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PS260 lectures after midterm.doc

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Wilfrid Laurier University
Todd Ferretti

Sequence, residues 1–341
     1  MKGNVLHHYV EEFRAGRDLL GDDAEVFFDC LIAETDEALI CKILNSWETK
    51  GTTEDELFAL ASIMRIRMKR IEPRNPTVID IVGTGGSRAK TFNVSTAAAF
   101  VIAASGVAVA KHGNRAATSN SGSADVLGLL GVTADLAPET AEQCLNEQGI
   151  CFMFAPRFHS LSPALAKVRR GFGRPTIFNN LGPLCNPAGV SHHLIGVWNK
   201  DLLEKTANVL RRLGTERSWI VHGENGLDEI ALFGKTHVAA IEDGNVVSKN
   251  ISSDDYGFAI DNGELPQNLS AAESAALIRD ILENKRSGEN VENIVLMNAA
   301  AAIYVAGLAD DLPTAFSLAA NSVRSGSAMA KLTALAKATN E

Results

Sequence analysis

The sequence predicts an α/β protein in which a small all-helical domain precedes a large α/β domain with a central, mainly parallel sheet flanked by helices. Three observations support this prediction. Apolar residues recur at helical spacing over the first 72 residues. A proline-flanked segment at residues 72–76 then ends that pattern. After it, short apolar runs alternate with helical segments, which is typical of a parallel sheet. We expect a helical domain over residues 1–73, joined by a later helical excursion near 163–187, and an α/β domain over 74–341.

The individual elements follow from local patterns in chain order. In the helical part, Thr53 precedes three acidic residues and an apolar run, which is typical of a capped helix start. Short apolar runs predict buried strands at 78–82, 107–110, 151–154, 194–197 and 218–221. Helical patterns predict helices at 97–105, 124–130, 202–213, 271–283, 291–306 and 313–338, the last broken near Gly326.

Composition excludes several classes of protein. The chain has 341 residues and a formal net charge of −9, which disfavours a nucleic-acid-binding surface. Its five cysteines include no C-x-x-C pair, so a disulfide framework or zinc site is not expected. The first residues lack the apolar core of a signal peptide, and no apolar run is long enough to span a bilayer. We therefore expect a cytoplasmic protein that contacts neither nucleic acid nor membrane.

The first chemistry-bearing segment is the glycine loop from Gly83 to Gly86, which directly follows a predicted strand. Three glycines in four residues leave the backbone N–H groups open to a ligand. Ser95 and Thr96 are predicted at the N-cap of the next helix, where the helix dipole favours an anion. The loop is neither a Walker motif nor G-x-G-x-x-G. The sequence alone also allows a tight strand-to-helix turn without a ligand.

Oct 25, 2010 Long term memory: forgetting • Characteristics o Manner in which it is lost  Forget very rapidly at first  Then less and less  Younger memory traces are more vulnerable to forgetting o Rate of forgetting does not vary with degree of original learning  Stronger and weaker original memories forgotten at same rate  Learn repeated items to greater extent • Forgetting rate would be the exact same if it was presented once • Mechanism o Decay  Memories fade over time without use  Something has to happen over time to cause the decay • Absence of rehearsal, lose neural connection associated o Interference  Proactive • Earlier memories interfere with later • More lists someone has learned the more difficult it is to recall the last list  Retroactive • Later memories interfere with earlier memory o Tulving  Encoding specificity Hypothesis • Cannot retrieve some memories because do not have appropriate or specific cue  Results • Original learning o Very stagnant o Good cues for memory • Non cued o Gradual decline • Cued o Approx the same or bit better with right cue  • Decay vs interference  Interference has much greater effect  More games = more interference  Same as STM o Over load retrieval cues  Retrieval depends on cues  If too many events are associated with same cue, more difficult to find memory • Self Relevance Effect o More relevant the adj were rated the better they were recalled • Permastore o Well learned info can be retained over much of our life • Amnesia following trauma o Retro disrupts info from before the event o Antero disrupts info after the event • HM o Severe epilepsy o Remove parts of hippocampus  Greatly reduced seizures o Could not learn new info  Anterograde amnesia  Explicit memory effected • Implicit vs Explicit o Patients show normal implicit memory • Calperede o Pricked patients on hand when shaking upon meeting o Patient cant remember him the next day but not shake hand • Amnesia and Implicit Memory o Korsakoff’s have impaired explicit o Women with amnesia asked to dial phone number  Ends up calling mother o Procedural implicit memory still intact November 1, 2010 • Fred Bartlett o Memory should be studied in natural circumstances o No lists of words o People don’t describe the same thing the same way • Barletts Methods o Repeated reproduction  Ask the same person to describe the same event at different times o Serial reproduction  Many people to transmit the material o Both show same thing o Retelling changes over time • Changes over recalls o Omissions  Info gets lost  Illogical is often forgotten o Rationalization  Make sense of story  Make inferences to help make sense o Dominant themes  Some themes are dominant, anchor point o Transformation • Reconstructive Memory o Add personal knowledge of world to help guide recall o The angry raisins/ grapes of wrath • Loftus and Palmer / eyewitness testimony o Estimate of speed of cars based on the harshness of the verb o Was there any broken glass? (there was none ) o More people in smashed group said there was • Misinformation effect o Subjects see slides depicting an auto accident at an intersection o Test 1: did another car pass the red Datsun while it was stopped at the yield sign  For one group makes sense, there was a sign in the image they saw  25% who didn’t see a sign say they did. • Mcloskey and Zaragoza o Inconsistent info makes them more inaccurate • Hyman, husband and Billings o Contact parents and ask for descriptions of actual events that occurred when subjects were kids o Asked subject q;s about events o Also asked about false events • Misinformation o Form of interference o Source confusion o Warning subject that there is misinformation reduces this effect • Integration of Prior Knowledge o ½ the name was Hitler o Recognition test  5 mins to 1 week later  14 sentences, ½ old  5 mins • Very accurate  1 week • Subject who read martin still very accurate • Subjects who read Hitler confused thematically related new sentences with old o When people have prior info they are going to use for reconstruction o Benefit  More easily understand framework of story  Bring prior info o Cost  Confuse memory of story with own memories of subject matter • Anderson and Picert o Given description of house o Ask to read in on perspective o Home buyer perspective  Leaky roof, damp basement o Burglar perspective st Rare coin collection, tv, stereo o 1 recall (of whole story)  Encoding perspective  Recall detail was greater for details related to perspective o 2 recall  Same perspective or different  Recall improved when perspective changed  New perspective provided a second way to search memory • The cognitive interview o Recount event in more than one sequence, environment and context, multiple perspectives o Provide many cues to help memory, Shown to increase recall • 7 sins of memory o Long term memory is transient  Interference  Retrieval failure  Actual forgetting from long term memory o Absent-mindedness  Failure of attention during encoding by relying on automatic or shallow processes o Blocking  Temporary loss of access to info  More common in elderly  Tip of the tongue o Misattribution  Attributing events to an incorrect source of context o Suggestibility  Incorporate information provided by others into you own recollection of events o Bias  Tendency for knowledge beliefs and feelings to distort memory of past events and influence current and future judgments o Persistence  Tendency to remember things that we don’t want to or need to November 3, 2010 Models of Semantic Memory • Tip of the tongue o State of knowing a fact or name but not being able to recall or retrieve the info right away o Brown and Mcneil  Used dictionary definitions to produce this o 50% of the time people can recall the first letter o About half are resolved within 1 minute o Use partial info cue for word or fact • Episodic vs Semantic o Structuralist (multiple systems) view  Tulving • Different memory systems, distinct from one another o Functionalist  Only one memory system  Different info from one memory system  Specific vs generalized memories  Selecting between instances vs averaging over instances • Semantic Networks o Nodes  Represents concepts in network  Structural and semantic nodes o Link  Relations between features and nodes • Ambiguity o Words with more than one meaning (bank) • Anderson et al o Verb indicates a certain meaning on the word o Instantiation  Encoding a particular structural node as connected to a particular semantic node  Semantic intrudes to influence episodic o Supports encoding specificity • Best cue o Best cue is what matches how it was encoded • Production vs Verification o V—indicating the truth of a test item o P—retrieving an instance from memory when given a cue • Collins and Quillian/ Hierarchical network model  Semantic made of network of basic elements (nodes) has a list of properties associated with it  Critical assumptions • Organization of the info is hierarchical • Assumption of cognitive economy o Feature or properties are represented only once at the highest level of the hierarchy • It takes time to move from one level of the hierarchy to a different level  Verification Task • Answer true or false as quickly as you can • Results o Time based on # of levels to reach o Property is slower than category membership judgment o Facilitation occurs when previous question primes or activates pathway through networks for next question  Category Size effect • Faster at answering about small categories than larger • Semantic Features Model o Defining  Essential features o Characteristic  Common to members of the category • Get rest of NOTES FROM ALYYYYYYYYYYYYYYYYY • Criticisms o Assumes questionable distinction between characteristic and defining features  Can people identify defining features for every category o Model cannot easily explain priming effects November 8, 2010 Models of Semantic Memory SPREADING ACTIVATION MODEL · Concepts organized in network, but it is not hierarchical. · Features stored with concepts. · New: size of the link between two concepts represents the strength of the associations. · Long distance = weaker association. · Assumes that activation (when one node is activated by thinking about concept) is spread to other concepts similar. Lexical Decision Task · Demonstrates how related items can prime each other. · If the letters represent a word, respond yes; if a non-word, respond no. · Measure time it takes to make decision. Results · When we have pairs of words in the list related to each other (e.g., butter following bread – words that have a relation) you are faster at responding. This is called semantic priming The Fan Effect · The number of connections a concept has. E.G., the concept of robin would have a large fan; aardvarks would have a small fan. The fan effect determines · How quickly you can access information · The likelihood of activating information · Large fan = slower, but greater probability because of more connection Advantages to Spreading Activation Model · Can explain semantic priming. · Can explain typicality effect. · Can explain category size and reversals of category size effects. · Can explain the fan effect. · Model is very flexible, can explain almost any pattern of data. Problems of Spreading Activation Model · Has many assumptions · Flexibility of model means it does not make many strong predictions and it is therefore difficult to test this model. Assumptions · Model assumes that activation spread from node to node. Neely (1977) · Looked at priming between categories and members of categories. · First item is always name of the category. · Second item a member of catendry. · Expect priming if the 2 item is member. E.G., if you present “part of the human body” and then “hand” people will be fast in saying yes. · Varied time between prime and target. · Faster to verify target when it matches prime category (e.g., disease à cancer) · Found greater priming at longer intervals. · Fast at short SOAs, but even faster at long SOAs. · Suspected that at short intervals we see automatic priming (SAM) · Argued 2 aspects to priming (1) automatic priming (2) top-down expectation, which takes longer. Did experiment to show this · Told participants that if you see the prime BUILDING, a part of the body was likely to follow. E.G., building à hand · Found that at long SOAs only, building would prime body part. Only come about through expectations. ACT MODEL · Shares activation model but identifies propositions. · The smallest unit of knowledge that is either true of false. · Propositions represented by ellipses, and are formed by the intersection of nodes. E.G., in semantic memory you have info representing dogs and cat. One piece of info is that dogs hate cats. In semantic network you have proposition that dogs will chase cats. According to model dog is the agent, cat is the object, and chase is the relation. · Combing info of individual nodes to form propositions. · Network can represent categorical information and specifics. · Anderson argues that episodic and semantic memory are represented by nodes forming propositions. Propositions · Unit of analysis when we comprehend and the way we are storing information in memory. · We lose specific details of sentence because of propositions. SCHEMAS · General knowledge structures that represents organized clusters of knowledge. · Represents general procedures, objects, events, or sequence of events. One specific kind of schema is called: SCRIPTS · Knowledge organized around routine activities (e.g., going to restaurant, visiting a doctor or dentist). E.G., when going to a restaurant there is a protocol when someone is serving you. Script Theory Experiment 1 · Wanted to make sure that people share most aspects of a script. · Write down all actions and events for different kinds of scripts. · People had similar script. E.G., going shopping Experiment 2 · Not every action or event included in stories that participants read (they read 18) · Read 3 different versions of the same script. · Subjects then given recognition test for memory for stories. · Incidental memory experiment – did not know memory would be tested. · Asked to rate on a scale of 1 – 7 how much they thought the item had been presented in the story. Results · Script items that had been stated in 1, 2, or 3 stories got high marks (people confident it was in the story) · Items not stated in the script increased as the number of stories went up (confidence increased over the number of scripts) · False memories · Tells us that when a script is activated in a story, all the related items in the script are activated in memory. · Then later, you are going to get confused between items that were actually mentioned or items that are part of your script. Smith & Graeser (1981) · Atypical actions remembered better because they stand out · When you encode a story based on a scripted routine, you use script as a foundation – atypical actions stand out because they are not part of our general script. Connolly, Hockley, & Pratt · Presented 6 different stories based on scripted routines. · Typical and atypical actions presented 0-4 times across different stories (varying times that typical and atypical times mentioned in the stories). · Given surprise memory test – asked people to tell her how many times a certain action was presented. Graph · Accurate at remembering whether atypical items were presented across the different stories. · Far less accurate at remembering typical items Script-Pointer-Plus-Tag Theory When a script is activated: · Store script in episodic memory. · Script represents both stated and inferred typical events. · “Tag on” atypical actions of story to script. November 10, 2010 Categorization • Benefits/ Function of Categorization o Reduces the complexity of the environment o The means by which objects of the world are indentified o Reduces the need for constant learning o Allows us to decide what constitutes appropriate action o Enables us to organize knowledge • Definitions o Categorization: The skill by which we group objects and events into classes so that unique things can be responded to similarly o Concept Identification: determining what a set of stimuli have in common • Explicit Concept o One that you intentionally set out to acquire and have probably developed specific rules for • Implicit Concept o One that was incidentally acquired and is not necessarily conscious • Concept Identification o Artificial concepts  Used to study how people learn concepts or classify  Make up fake concept with rules that define relevant features  Wont influence memory • Reception o The experimenter display stimulus and they must guess, may get feedback • Selection o See all stimuli at once, choose one to ask the experimenter about, feedback • Indentifying concepts o Hypothsis testing: generating rules and testing them  Wholist • Consider all values of the first positive trial then eliminate dimensions as you go  Partist • Choose 1+, test until fail then change • Rosch o Natural categorize instead artificial  Tend to organize things in hierarchy • Subordiante (vehicle) • Basic (car) • Subordinate (Honda)  Categories are fuzzy • Ill defined  Features correlated with each other • Not independent  Some exemplars share more attributes with category than atypical members  Some are more basic than others • Theories of Categorization o Prototype Models  Store common features of exemplars during learning to form prototype o Categorization based on instance  Store separate instances of categories during learning  Retrieve instances and compare novel item to them • Prototypes in Natural Language Categories o Natural language categories ill –defined, fuzzy no set of absolute rules to define boundaries o Theory  Centre of category rather than boundaries  Membership based on family resemblance  Graded membership, some closer to prototype • Role of Exemplars o Preserve info about correlated feature • Theories of Categorization o Use both prototype and instance-based methods of categorization o Different methods used for different types of stimuli and at different stages of category learning November 15, 2010 Visual Imagery • Dual Coding Theory o Paivio, Smythe, and Yuille  Which pair of words are easier or harder to remember  Differ in imagery ability  Two coding systems (memory is better when in both systems) • Verbal/abstract system o Word meaning • Imagery system/non verbal spatial system o Generate and represent visual images o Theories of Representation  Pylshyn • Imagery is epiphenomenon o Its all in your mind o All info is in propositional form  Simple relational statement o No mental pictures  Shepard • Links between perception and mental imagery • Mental rotation task • Decision time is a function of how many degrees you have to move the object • Happens in real time • True for 2D or 3D • Imagery leaves a trail of movement